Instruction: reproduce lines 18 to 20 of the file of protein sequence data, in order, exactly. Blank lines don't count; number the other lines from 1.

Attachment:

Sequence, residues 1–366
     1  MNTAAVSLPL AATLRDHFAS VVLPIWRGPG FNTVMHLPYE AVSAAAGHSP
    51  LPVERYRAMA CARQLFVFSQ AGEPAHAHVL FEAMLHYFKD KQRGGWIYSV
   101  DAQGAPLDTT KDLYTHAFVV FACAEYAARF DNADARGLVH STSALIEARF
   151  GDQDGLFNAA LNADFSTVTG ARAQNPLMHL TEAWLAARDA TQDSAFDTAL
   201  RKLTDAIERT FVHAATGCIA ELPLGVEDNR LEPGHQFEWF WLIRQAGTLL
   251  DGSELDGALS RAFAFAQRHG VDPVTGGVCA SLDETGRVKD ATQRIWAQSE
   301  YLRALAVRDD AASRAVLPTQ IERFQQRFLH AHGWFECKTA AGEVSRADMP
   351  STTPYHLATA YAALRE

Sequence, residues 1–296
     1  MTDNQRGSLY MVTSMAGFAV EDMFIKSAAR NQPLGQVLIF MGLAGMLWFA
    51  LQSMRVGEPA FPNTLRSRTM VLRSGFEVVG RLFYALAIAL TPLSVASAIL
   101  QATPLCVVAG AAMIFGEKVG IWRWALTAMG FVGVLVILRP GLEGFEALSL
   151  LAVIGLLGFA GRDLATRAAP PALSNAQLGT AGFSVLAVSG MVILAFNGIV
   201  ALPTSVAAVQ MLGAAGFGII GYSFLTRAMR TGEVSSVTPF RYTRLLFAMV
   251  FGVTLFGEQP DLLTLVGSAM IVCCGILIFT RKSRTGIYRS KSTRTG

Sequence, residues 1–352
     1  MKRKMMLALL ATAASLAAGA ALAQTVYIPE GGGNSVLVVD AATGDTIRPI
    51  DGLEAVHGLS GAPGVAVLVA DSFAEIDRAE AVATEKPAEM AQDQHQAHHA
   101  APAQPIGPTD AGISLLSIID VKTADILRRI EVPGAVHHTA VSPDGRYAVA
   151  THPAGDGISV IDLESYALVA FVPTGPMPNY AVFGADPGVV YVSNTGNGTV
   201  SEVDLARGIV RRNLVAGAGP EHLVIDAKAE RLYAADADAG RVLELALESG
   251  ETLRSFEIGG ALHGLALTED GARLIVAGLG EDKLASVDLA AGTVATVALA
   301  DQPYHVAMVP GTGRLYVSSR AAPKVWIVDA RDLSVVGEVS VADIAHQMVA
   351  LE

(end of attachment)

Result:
     1  MKRKMMLALL ATAASLAAGA ALAQTVYIPE GGGNSVLVVD AATGDTIRPI
    51  DGLEAVHGLS GAPGVAVLVA DSFAEIDRAE AVATEKPAEM AQDQHQAHHA
   101  APAQPIGPTD AGISLLSIID VKTADILRRI EVPGAVHHTA VSPDGRYAVA